Few words about OPA 90

The US Congress voted to pass the Oil Pollution Act (OPA), shortly after the infamous Exxon Valdez incident, which spilled more than 11 million gallons of Alaskan crude into the water of Prince William Sound, in March 1989.

OPA applies since August 1990, amending the Federal Water Pollution Control Act and establishing what companies must do to prevent, respond to, and pay for oil spills.

Namely, it sets out comprehensive regulatory and liability controls, aiming to protect and clean the marine environment from oil spills. In order to achieve this goal, it includes extensive provision to prevent a circumstance that could lead to an oil spill.

What is more, OPA implementation for shipowners is supported by an implementation regulation shore side. This means that facilities terminals, the US Coast Guard and the States themselves all have parallel requirements that have been imposed on them.

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Essentially, OPA 90 streamlined and enhanced US EPA's capability to prevent and respond to disastrous oil spills. For this reason, a trust fund financed by a tax on oil is available to clean up spills when the responsible party cannot or does not want to do so. The Oil Spill Liability Trust Fund (OSLTF) can find up to $1 billion to pay for expeditious oil removal and uncompensated damages up to $1 billion per incident.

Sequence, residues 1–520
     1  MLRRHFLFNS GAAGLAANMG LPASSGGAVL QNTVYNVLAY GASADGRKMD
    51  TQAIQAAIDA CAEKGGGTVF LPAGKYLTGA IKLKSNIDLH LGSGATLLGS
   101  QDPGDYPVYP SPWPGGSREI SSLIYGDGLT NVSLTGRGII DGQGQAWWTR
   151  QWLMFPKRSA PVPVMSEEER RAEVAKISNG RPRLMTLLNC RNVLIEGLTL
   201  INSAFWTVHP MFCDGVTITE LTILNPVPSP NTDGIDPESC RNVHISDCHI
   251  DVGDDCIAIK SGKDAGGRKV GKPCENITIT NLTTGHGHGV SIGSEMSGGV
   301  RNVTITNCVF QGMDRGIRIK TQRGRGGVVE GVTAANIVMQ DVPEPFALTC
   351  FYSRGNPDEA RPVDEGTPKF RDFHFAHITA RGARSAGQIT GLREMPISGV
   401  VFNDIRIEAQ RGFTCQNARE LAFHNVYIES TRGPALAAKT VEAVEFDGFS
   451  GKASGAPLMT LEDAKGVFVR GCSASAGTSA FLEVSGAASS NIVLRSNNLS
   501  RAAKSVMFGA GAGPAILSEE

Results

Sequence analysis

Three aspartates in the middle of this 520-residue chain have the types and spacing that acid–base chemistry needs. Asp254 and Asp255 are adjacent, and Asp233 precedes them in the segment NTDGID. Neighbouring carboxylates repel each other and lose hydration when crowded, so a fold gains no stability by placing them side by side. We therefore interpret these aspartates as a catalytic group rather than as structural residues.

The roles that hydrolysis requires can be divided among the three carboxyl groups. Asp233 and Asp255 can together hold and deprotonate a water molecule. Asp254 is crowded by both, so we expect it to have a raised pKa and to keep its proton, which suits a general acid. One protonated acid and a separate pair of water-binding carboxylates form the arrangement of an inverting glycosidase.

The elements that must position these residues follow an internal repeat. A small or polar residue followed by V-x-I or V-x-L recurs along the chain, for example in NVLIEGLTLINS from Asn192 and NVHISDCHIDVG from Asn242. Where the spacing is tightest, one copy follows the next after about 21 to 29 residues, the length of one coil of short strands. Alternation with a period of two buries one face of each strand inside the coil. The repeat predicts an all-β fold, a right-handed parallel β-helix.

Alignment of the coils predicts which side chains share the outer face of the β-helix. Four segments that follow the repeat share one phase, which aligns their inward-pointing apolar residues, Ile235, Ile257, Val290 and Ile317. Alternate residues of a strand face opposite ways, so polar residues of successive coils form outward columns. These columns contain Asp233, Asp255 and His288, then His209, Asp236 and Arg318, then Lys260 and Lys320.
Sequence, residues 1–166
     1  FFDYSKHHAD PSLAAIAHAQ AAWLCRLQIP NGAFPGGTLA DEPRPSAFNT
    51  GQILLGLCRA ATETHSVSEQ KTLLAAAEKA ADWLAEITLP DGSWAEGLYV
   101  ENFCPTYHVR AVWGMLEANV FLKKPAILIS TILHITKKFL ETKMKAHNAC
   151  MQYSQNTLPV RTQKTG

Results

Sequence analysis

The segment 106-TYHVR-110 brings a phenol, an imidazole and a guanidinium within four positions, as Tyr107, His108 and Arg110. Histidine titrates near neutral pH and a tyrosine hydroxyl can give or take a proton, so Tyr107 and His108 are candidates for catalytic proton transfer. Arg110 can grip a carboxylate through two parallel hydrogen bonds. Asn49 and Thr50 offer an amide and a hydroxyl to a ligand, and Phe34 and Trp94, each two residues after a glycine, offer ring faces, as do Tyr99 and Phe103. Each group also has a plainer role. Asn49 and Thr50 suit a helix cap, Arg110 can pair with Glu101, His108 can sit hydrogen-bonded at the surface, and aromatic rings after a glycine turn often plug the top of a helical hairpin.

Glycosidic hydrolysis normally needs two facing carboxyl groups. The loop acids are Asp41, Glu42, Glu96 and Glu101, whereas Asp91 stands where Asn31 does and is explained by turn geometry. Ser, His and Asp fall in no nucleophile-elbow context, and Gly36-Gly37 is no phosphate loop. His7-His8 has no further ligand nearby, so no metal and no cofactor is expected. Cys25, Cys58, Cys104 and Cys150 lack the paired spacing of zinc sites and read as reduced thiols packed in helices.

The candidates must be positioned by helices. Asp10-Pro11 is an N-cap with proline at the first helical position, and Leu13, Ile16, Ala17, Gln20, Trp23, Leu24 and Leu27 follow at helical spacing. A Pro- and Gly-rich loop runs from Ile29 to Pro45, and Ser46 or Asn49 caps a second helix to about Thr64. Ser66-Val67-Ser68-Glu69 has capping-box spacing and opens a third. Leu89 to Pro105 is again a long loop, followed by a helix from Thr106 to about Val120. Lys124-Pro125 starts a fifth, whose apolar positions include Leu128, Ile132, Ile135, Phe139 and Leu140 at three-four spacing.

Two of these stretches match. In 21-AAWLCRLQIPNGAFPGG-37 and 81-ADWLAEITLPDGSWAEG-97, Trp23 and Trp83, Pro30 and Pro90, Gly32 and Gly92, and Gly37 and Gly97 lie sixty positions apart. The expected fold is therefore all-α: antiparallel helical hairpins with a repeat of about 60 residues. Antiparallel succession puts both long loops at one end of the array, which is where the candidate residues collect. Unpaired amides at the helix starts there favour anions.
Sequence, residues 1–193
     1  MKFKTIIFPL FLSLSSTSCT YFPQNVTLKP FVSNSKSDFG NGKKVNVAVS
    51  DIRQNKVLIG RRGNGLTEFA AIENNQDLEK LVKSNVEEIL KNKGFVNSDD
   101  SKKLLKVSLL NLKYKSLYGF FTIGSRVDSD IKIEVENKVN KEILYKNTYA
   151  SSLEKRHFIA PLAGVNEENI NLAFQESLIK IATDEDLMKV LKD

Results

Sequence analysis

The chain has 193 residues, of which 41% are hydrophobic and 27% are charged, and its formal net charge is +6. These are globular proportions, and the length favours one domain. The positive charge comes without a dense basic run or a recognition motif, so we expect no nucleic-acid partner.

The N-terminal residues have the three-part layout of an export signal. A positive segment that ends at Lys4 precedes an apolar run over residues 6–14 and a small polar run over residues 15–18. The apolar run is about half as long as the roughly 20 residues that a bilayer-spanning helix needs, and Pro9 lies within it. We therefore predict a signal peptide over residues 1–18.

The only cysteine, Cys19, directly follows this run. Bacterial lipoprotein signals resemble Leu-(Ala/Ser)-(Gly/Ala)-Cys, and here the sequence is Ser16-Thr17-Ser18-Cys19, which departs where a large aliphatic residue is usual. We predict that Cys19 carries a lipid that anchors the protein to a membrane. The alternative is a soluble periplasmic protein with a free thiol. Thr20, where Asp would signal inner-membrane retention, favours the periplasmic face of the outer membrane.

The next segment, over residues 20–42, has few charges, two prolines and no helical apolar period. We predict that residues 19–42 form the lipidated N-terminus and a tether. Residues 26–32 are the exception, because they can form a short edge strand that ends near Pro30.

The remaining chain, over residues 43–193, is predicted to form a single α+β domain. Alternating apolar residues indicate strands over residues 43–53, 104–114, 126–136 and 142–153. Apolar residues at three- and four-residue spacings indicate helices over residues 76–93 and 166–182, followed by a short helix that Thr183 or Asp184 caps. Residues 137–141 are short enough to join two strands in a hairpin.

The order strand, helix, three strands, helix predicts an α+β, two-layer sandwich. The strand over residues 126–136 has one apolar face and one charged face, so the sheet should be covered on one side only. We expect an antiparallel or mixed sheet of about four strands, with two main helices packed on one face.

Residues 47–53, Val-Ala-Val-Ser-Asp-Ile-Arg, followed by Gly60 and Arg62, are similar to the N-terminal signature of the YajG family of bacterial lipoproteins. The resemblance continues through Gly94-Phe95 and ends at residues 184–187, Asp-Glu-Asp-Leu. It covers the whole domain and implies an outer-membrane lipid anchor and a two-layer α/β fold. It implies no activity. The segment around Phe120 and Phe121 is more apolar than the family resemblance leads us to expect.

OPA also mandates oil storage facilities and ships to submit to the Federal government, plans describing their response plan to large discharges. Moreover, it requires the development of Area Contingency Plans, in order to prepare and plan for oil spill response on a regional scale.

OPA today

Today, OPA 90 is widely considered as a successful regulation. Mrs. Cynthia Hudson, CEO, Hudson Analytix, provided a comment on this, during a thought provoking discussion in one of our “Ask SAFETY4SEA” episode series. Mrs. Hudson noted that “Communication and understanding” are the secret ingredients for OPA 90 success.

 

New OPA limits

However, despite the success of OPA 90, and the fact that there are not frequencies of incidents as they were used to be, shipowners and regulatory authorities should not remain in their relax-zone.

As a matter of fact:

Ship owners must: Authorities must
Ensure their crew is trained; Ensure that enforcement of the Law should be done by experienced persons;
Ensure the right equipment is placed onboard; Familiarize the new hires with the actual meaning behind the regulatory requirements;
Ensure that OPA drills are conducted regularly; Always update the experienced personnel;
Understand that delaying reporting an incident in order to get organized is a mistake; Improve the research technologies;
Having resources to support the OPA 90 education training and simulation of exercises. Improve the communication between the regulatory authorities and the vessel owners.